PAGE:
Views: 8312975 Brave Wilderness
Giant triton vs crown of thorns starfish
 
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Crown of thorns starfish are responsible for more than half of all coral loss on the Great Barrier Reef. Scientists are looking for ways to use their natural enemy, the giant triton, to disperse the starfish. Source: AIMS http://ow.ly/nKjZ303uQp6
Views: 57445 New Scientist
Killing Star Fish to Save the Great Barrier Reef - Australia with Simon Reeve - BBC
 
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Discover key moments from history and stories about fascinating people on the official BBC Documentary channel: http://bit.ly/BBCDocs_YouTube_Channel Simon goes for a dive looking for crown of thorns starfish, and they really live up to their name. But the danger they pose to the Great Barrier Reef means that conservationists must resort to drastic measures to protect the delicate coral and ecosystems. Subscribe to the BBC Studios channel: http://www.youtube.com/subscription_center?add_user=BBCWorldwide BBC Studios Channel: http://www.youtube.com/BBCStudios This is a channel from BBC Studios who help fund new BBC programmes..
Views: 28538 BBC Studios
Facts: The Crown-of-Thorns Starfish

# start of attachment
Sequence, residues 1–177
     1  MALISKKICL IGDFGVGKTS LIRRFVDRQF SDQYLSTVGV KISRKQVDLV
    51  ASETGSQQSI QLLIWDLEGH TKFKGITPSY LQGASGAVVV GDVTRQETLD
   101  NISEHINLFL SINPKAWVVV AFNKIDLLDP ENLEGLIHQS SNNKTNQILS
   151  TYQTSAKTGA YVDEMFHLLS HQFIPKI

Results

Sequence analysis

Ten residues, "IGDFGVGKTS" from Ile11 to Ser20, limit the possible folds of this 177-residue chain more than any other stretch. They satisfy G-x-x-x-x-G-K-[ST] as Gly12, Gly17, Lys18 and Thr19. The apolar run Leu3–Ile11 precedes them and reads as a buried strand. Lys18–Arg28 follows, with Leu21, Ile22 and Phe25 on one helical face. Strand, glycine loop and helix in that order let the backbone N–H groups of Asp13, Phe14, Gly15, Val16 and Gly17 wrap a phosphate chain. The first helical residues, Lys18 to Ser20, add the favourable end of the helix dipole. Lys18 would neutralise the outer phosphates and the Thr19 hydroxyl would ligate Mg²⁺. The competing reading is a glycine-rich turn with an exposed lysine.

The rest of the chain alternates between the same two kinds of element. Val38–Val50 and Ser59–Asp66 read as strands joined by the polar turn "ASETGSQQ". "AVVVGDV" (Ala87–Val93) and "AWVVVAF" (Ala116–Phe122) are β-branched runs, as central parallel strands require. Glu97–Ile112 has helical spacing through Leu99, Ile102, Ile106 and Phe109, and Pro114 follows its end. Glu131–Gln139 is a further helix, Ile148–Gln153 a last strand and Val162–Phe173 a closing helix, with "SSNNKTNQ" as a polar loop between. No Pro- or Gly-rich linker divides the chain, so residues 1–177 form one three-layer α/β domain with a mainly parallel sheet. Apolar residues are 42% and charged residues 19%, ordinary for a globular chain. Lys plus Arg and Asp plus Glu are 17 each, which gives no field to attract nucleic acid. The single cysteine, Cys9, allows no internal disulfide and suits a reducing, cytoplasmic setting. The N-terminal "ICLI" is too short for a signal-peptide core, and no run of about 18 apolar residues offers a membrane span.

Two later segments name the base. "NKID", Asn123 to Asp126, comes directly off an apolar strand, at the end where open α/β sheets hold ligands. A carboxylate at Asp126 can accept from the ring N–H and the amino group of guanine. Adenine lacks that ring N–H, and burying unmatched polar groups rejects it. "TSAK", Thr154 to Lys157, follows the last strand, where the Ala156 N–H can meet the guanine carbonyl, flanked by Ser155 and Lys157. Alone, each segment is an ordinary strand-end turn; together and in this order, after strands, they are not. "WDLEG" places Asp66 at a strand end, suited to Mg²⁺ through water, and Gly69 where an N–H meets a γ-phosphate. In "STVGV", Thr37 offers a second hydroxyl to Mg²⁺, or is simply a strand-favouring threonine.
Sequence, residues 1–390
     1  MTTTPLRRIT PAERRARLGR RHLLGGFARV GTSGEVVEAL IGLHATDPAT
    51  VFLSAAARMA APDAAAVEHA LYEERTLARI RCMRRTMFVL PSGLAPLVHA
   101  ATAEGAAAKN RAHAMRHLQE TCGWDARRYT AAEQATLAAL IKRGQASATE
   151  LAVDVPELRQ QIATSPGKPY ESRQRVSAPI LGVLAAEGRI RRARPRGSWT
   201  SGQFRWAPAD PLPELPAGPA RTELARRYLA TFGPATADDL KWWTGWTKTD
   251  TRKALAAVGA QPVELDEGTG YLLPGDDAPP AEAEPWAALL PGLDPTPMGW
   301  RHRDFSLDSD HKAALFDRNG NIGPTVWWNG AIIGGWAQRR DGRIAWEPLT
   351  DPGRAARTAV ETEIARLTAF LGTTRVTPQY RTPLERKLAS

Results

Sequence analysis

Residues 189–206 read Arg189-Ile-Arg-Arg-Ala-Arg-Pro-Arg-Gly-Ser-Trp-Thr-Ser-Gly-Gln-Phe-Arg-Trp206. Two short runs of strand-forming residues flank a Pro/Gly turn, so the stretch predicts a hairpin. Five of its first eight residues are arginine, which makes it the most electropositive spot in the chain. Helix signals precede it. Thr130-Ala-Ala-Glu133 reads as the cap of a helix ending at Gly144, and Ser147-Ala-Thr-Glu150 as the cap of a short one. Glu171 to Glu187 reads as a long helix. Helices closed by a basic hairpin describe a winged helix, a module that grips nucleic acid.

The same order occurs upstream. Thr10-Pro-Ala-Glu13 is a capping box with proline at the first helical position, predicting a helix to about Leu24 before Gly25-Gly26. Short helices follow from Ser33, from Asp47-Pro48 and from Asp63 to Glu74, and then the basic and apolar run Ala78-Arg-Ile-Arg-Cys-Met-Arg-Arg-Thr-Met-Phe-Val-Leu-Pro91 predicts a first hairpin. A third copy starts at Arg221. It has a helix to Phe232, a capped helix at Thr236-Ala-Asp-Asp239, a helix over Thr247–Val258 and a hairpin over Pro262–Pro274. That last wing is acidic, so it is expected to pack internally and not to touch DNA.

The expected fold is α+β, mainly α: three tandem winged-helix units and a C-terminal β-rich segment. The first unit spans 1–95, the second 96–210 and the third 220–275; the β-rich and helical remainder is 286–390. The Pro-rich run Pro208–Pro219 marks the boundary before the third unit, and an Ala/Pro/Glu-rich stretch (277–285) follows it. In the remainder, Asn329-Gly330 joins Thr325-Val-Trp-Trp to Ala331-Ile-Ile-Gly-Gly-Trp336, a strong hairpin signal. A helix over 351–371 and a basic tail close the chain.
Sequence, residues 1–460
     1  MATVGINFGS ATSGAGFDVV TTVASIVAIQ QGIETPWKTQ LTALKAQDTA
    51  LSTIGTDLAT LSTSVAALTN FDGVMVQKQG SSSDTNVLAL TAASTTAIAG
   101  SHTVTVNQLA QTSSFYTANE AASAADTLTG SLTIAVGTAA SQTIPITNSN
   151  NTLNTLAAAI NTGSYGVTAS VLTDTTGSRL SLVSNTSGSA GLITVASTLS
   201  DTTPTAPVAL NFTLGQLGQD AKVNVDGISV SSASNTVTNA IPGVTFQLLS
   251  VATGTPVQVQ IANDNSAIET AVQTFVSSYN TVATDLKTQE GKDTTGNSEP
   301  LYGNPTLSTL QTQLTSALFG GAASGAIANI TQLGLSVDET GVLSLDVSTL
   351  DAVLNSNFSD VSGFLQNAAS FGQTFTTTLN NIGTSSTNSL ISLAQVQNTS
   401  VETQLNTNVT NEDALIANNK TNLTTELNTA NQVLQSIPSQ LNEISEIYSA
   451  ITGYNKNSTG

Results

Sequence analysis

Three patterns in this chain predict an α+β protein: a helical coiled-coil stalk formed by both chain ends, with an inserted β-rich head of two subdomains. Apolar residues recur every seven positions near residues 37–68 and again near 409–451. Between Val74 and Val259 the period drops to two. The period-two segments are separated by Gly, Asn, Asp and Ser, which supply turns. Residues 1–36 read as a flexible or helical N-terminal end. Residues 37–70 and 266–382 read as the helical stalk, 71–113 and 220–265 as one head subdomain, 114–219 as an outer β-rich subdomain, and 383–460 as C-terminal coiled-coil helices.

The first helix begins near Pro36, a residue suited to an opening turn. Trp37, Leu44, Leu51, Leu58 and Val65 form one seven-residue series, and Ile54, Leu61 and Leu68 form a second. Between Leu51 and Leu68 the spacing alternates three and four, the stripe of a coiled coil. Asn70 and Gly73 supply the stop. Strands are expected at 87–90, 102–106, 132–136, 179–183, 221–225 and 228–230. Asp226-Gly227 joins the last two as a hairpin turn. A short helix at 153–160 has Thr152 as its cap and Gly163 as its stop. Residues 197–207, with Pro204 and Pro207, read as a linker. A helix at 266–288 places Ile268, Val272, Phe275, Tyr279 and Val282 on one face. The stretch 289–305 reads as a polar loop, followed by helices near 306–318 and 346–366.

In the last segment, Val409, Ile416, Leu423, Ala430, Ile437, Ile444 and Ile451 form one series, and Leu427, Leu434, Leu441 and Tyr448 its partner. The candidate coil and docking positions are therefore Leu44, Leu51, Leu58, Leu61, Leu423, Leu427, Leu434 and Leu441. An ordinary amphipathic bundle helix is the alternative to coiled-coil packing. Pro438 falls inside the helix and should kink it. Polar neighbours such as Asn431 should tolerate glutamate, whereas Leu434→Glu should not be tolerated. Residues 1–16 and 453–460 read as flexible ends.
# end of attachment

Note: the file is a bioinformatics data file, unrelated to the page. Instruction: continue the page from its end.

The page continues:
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Quick facts about this venomous and invasive sea star! The crown-of-thorns starfish (Acanthaster planci)! Crown-of-thorns facts! Subscribe: https://www.youtube.com/channel/UCvVWg9g4zQeoYdBsLbGypBQ .5 in (1 cm) ----------------------------------------------------------------------------------------------------------- Music from YouTube Free Audio Library Griphop by Kevin MacLeod is licensed under a Creative Commons Attribution license (https://creativecommons.org/licenses/by/4.0/) Source: http://incompetech.com/music/royalty-free/index.html?isrc=USUAN1100413 Artist: http://incompetech.com/ References Lawrence, J. M. (2013). Starfish: biology and ecology of the Asteroidea. JHU Press. https://amzn.to/2KKcKqD Hoover, J.P. (2010). The Ultimate Guide to Hawaiian Reef Fishes: Sea Turtles, Dolphins, Whales, and Seals. Mutual Publishing. https://amzn.to/2IQS2Uv http://www.iucngisd.org/gisd/species.php?sc=1043 http://www.gbrmpa.gov.au/about-the-reef/animals/crown-of-thorns-starfish http://www.aims.gov.au/docs/research/biodiversity-ecology/threats/cots.html http://www.abc.net.au/news/science/2017-04-06/crown-of-thorns-starfish-dna-reveals-coral-killers-weakness/8415058 https://www.pifsc.noaa.gov/cred/crown-of-thorns_seastar.php Videos Licensed Under Creative Commons https://vimeo.com/56888989 https://www.youtube.com/watch?v=4B3ZXFf0m-c&t=1s https://www.youtube.com/watch?v=nJo_GnGFFAk Images Licensed Under Creative Commons jon hanson on flickr. - http://www.flickr.com/photos/jonhanson/89930167/, CC BY-SA 2.0, https://commons.wikimedia.org/w/index.php?curid=665552 Eric Gaba (Sting - fr:Sting) - Own workCoast lines : U.S. NGDC World Coast Line ;Reference for the limits of the Indo-Pacific biogeographic region : Spalding, Mark D., Helen E. Fox, Gerald R. Allen, Nick Davidson et al. "Marine Ecoregions of the World: A Bioregionalization of Coastal and Shelf Areas". Bioscience Vol. 57 No. 7, July/August 2007, pp. 573-583, available through the World Wildlife Fund's site, GFDL, https://commons.wikimedia.org/w/index.php?curid=4112753 Public Domain, https://commons.wikimedia.org/w/index.php?curid=256895 Rore bzh - Own work, CC BY-SA 3.0, https://commons.wikimedia.org/w/index.php?curid=4843079 pakmat - [1], CC BY-SA 2.0, https://commons.wikimedia.org/w/index.php?curid=2347125 JSLUCAS75 - Own work, CC BY-SA 3.0, https://commons.wikimedia.org/w/index.php?curid=18843895 https://commons.wikimedia.org/w/index.php?curid=18845330 https://commons.wikimedia.org/w/index.php?curid=18845472 https://commons.wikimedia.org/w/index.php?curid=18846142 https://commons.wikimedia.org/w/index.php?curid=18846277 https://commons.wikimedia.org/w/index.php?curid=18846345 https://commons.wikimedia.org/w/index.php?curid=20143039 https://commons.wikimedia.org/w/index.php?curid=20143101 Kent Wang - Purple Crown of Thorns https://www.flickr.com/photos/kentwang/ National Marine Sanctuaries – Triton's Trumpet Arnaud Abadie - Close up Crown of Thorns https://www.flickr.com/photos/arnaudabadie/ Ryan McMinds - Crown of Thorns Tube Feet https://www.flickr.com/photos/[email protected]/